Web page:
In just a little while Patrick will celebrate his ninth birthday surrounded by family and adult friends, nurses and doctors in the comforting surroundings of CHOA where this journey began. There will be no cake or plastic toys or electronic gadgets or even Legos.
As I write this, Stephen and Patrick are in Orlando with our dear friends, Scott and Cannon. They are staying at the Nickelodeon Hotel, and the boys were thrilled about getting slimed. They are visiting Legoland today, and to say that Patrick is excited is a vast understatement! Tomorrow, they will fish the St. John’s River and then cheer the Dawgs onto an SEC Championship victory (a tall order, but you gotta believe!). Patrick has been begging to go fishing since missing his annual fall fishing trip in October. I am so happy he feels well enough to enjoy this opportunity!!
We received some extremely good quality of life news on Thursday – our next round of hu14.18 will be here in Atlanta! We are thrilled…. as you can imagine the separation of Patrick and me from Stephen and the girls is difficult and lonely. We are thrilled that our separation will be a matter of a mile rather than almost 800 miles!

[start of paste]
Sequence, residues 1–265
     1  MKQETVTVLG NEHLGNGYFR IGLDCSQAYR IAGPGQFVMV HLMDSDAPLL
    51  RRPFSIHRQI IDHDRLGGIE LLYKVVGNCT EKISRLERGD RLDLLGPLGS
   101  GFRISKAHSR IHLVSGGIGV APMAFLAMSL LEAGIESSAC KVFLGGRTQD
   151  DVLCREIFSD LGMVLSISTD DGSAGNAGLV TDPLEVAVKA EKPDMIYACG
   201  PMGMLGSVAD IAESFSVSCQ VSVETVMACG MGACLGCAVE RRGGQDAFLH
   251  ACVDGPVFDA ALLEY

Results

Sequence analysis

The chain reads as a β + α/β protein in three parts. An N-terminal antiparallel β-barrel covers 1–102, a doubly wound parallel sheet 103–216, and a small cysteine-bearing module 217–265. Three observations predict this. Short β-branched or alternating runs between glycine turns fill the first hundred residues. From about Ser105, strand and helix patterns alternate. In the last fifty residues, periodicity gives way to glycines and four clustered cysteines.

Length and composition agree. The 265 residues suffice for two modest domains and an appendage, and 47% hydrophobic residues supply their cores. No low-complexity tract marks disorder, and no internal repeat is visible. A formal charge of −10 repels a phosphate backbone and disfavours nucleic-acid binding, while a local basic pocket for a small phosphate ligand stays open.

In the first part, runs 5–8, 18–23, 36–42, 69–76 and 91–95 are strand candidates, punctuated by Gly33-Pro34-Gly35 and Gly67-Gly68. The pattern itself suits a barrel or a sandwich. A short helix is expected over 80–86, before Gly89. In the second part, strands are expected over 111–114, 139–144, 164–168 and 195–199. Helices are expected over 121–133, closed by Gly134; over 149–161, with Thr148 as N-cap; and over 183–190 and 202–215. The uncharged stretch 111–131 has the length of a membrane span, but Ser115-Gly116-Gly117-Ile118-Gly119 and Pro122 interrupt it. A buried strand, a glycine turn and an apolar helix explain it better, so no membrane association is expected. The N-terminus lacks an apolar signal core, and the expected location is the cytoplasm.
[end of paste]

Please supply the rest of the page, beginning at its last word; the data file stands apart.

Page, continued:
Quick update: Despite the intense buildup to infusion time, today was relatively uneventful. The only pain was caused by the IV. There was a little nausea, but that can be any day for Patrick. There was a lot of boredom. The next two days loom LONG for us, but we are taking care of business!
The hu14.18 trial we have been waiting for so intently will open officially on Monday! On Sunday, October 2, we are taking the kids to Harry Potter World at Universal Studios in Orlando for a few days. Patrick and I will fly from Orlando to Philadelphia on October 5 for a full disease evaluation at CHOP on October 6 and 7. We hope to spend a long weekend in the mountains after that.